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Are Freelancers Right For Your Business?

By Ian Cowley, managing director, cartridgesave.co.uk

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The rise of the freelancer is one of the biggest UK success stories of recent years. Not only does the freelance economy bring in an estimated £30 billion in “added value” to the UK gross economy, it has made a significant contribution to the recent growth in employment levels.

According to the Office for National Statistics, out of the 4.63 million self-employed population, a record 1.91 million workers are now classed as freelancers. This makes them the fastest growing self-employed sector with numbers up 36 per cent since 2008.

Today, more and more businesses are recognising the potential for increased productivity and up-skilling that comes from engaging freelancers.

But is this the right move for growing your business? I’ve put together a list of the main benefits that hiring freelancers could bring to your growing business, plus some things to bear in mind for making the arrangement a win-win scenario.

Filling a skills gap.

To a start-up, freelancers can be a great tool for short term fixes.

A freelance consultant typically works across multiple projects with different clients throughout their year. This varied exposure to multiple managers and projects equips them with more diverse experience than a counterpart who has only worked for a single employer.

With this experience comes access to a wider pool of talent. Freelancers are commonly part of a wider network, which include past clients as well as freelancers in the same or a related sector. In situations where you may require additional expertise, there is a good chance they will be able to recommend or bring in additional hands, meaning you won’t have to worry about a skill gap.

Helping bridge staff shortages.

Freelance workers offer a short-term recruitment bridge while your business is seeking permanent staff, or if you have an unexpected project to staff.

In my experienced, freelancers are very productive, as the success of their continued employment rests on the quality of the work they produce.  Plus they tend to be driven by a work-life balance, so will work solidly in work hours in order to leave work on time.

The downside is they are a considerable expense. Plus, their investment in your company is limited as they know their position is temporary. So you should look at freelancers as temporary. But they could really help you in a fix, and it’s worth building a network of freelancers to call on.

Value for money.

A freelance and remote-based workforce is a very flexible way of managing expenses, keeping commitments and costs under control. A YouGov poll from 2013 revealed that this type of working can save British businesses £34 billion a year. This represents a huge opportunity for businesses to save costs.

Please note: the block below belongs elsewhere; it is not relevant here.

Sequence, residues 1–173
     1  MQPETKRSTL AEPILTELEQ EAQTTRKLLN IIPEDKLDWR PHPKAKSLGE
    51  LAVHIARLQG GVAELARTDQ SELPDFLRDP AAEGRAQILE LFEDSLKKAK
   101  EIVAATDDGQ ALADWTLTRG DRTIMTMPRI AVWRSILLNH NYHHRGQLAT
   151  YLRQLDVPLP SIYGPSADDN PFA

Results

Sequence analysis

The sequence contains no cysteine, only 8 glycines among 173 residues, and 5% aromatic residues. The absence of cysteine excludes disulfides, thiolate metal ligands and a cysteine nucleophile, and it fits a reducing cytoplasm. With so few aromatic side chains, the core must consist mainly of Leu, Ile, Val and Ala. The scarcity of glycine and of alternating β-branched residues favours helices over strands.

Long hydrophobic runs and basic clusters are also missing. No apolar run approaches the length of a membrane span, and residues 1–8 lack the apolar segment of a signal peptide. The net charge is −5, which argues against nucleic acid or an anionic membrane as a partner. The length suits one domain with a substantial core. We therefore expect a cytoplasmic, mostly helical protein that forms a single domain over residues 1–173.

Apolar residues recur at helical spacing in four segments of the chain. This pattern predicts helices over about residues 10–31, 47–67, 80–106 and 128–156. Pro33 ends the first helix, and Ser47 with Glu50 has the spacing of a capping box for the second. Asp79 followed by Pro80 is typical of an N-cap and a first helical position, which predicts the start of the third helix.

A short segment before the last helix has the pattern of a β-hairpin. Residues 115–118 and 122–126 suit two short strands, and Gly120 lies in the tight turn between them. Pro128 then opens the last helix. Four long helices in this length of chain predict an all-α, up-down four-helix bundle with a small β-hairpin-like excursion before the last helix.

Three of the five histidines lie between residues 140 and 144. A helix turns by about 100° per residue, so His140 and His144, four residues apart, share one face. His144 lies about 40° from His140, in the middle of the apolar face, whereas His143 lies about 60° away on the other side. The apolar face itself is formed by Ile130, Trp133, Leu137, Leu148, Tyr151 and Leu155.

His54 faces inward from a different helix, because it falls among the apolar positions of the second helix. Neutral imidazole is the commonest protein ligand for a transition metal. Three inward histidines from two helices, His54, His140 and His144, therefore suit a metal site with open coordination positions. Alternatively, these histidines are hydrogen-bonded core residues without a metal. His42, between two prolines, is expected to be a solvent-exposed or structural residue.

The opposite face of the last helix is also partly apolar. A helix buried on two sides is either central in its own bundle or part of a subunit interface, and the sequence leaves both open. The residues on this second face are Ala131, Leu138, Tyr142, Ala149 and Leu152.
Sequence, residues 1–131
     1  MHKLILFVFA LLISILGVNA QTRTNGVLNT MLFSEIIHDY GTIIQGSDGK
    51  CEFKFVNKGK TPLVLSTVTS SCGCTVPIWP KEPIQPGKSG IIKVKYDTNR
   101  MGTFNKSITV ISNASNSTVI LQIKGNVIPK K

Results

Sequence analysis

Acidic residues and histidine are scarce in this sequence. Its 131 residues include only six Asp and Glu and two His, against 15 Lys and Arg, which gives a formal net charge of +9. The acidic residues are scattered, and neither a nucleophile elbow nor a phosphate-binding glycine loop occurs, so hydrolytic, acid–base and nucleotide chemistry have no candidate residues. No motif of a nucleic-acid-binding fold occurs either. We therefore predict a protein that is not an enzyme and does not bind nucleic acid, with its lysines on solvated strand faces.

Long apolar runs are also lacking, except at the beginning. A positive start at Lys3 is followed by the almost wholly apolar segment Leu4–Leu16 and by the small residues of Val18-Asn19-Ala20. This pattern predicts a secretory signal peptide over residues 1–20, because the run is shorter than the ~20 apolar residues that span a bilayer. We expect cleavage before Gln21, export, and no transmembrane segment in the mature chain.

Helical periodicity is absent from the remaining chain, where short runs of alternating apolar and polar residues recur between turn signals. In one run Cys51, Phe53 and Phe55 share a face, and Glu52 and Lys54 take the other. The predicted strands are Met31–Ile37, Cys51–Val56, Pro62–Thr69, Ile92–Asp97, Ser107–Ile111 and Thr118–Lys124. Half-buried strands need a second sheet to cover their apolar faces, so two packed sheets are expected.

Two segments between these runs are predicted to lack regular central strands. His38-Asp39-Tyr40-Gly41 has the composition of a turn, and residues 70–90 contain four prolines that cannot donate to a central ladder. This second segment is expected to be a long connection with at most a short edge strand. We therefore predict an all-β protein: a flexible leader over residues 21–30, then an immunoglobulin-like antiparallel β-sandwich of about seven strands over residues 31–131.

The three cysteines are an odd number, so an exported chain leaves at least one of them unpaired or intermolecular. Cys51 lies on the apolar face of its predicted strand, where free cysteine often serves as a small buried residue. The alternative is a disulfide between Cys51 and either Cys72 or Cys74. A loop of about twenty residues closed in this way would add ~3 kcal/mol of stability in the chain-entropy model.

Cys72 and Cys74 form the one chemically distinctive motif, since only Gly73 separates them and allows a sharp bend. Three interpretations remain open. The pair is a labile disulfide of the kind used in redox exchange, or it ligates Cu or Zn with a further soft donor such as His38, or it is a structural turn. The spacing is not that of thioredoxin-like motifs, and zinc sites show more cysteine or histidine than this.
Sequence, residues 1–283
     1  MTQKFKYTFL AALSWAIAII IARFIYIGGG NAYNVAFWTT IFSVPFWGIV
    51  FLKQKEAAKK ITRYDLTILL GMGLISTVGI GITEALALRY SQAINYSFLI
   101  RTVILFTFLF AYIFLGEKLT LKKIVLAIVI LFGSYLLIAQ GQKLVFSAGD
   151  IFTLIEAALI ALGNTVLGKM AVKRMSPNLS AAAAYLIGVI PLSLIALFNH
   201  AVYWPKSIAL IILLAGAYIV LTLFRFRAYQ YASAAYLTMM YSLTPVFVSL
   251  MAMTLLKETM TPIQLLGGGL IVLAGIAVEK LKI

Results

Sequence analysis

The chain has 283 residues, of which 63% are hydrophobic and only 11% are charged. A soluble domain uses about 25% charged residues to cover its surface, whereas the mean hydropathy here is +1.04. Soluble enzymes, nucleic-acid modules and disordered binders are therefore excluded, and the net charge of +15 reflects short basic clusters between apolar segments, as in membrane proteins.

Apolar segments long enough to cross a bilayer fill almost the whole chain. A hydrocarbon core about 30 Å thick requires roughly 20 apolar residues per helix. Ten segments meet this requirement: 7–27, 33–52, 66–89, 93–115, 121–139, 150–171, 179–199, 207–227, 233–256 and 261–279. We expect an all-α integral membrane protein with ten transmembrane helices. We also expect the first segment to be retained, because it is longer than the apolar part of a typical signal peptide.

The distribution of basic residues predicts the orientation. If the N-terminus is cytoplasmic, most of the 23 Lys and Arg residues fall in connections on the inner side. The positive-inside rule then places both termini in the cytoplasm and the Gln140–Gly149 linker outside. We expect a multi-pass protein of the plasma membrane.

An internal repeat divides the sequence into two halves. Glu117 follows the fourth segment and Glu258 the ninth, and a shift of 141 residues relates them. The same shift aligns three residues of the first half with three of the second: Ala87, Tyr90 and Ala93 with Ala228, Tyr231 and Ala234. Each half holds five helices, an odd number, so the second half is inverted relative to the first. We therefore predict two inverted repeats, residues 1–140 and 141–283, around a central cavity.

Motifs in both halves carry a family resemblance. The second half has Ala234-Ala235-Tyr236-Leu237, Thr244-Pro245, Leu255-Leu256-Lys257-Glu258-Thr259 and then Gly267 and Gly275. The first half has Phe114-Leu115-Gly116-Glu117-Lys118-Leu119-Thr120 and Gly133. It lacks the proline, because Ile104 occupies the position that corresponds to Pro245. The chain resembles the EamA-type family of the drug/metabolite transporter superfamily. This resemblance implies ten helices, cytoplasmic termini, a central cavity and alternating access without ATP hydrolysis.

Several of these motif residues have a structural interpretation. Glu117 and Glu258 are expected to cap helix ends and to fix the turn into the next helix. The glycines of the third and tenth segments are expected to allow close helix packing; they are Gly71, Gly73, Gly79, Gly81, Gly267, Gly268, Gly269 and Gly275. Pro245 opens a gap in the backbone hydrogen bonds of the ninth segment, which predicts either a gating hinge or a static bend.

Which means, instead of spending your hard earned profits on providing them a space to work, you can invest elsewhere.

How to manage a freelance workforce.

However, there are several things to bear in mind before engaging freelancers. Here are a few lessons we’ve learned.

Ultimately, when growing a business you need to find and invest in staff that will be fully bought in to your business. The nature of freelancers is that they are transient and will not be fully invested in your long-term goals.

However, as discussed, they can be a good temporary fix and bring lots of experience. So make any freelancers you use feel included in the company. Invite them on work nights out, office parties and any team building days. The more they feel part of the team, the more invested they will be in the company and likely to achieve a better job.

Make sure they are accountable for all their time. If you are paying someone the same rate you would to your in-house staff, it is reasonable to suggest that they should work the same number of hours. At the end of each day, ask them to report back on what they have achieved and put in place targets to make sure they are working as hard as you expect.

If they are not working from your office, consider any potential security risks. Ask what device they are working on and question if it is safe for your system. Is there anyone else that could potentially access sensitive information? With a freelance workforce, it is more essential than ever that your company protect business-critical data that can end up on unmanaged devices. Take some time to put in place boundaries about which devices are supported and be sure that freelancers are taking all necessary measures to avoid putting your business at risk.

 

Ian Cowley

Ian Cowley is the managing director of the UK’s largest dedicated printer cartridge company –  www.cartridgesave.co.uk.

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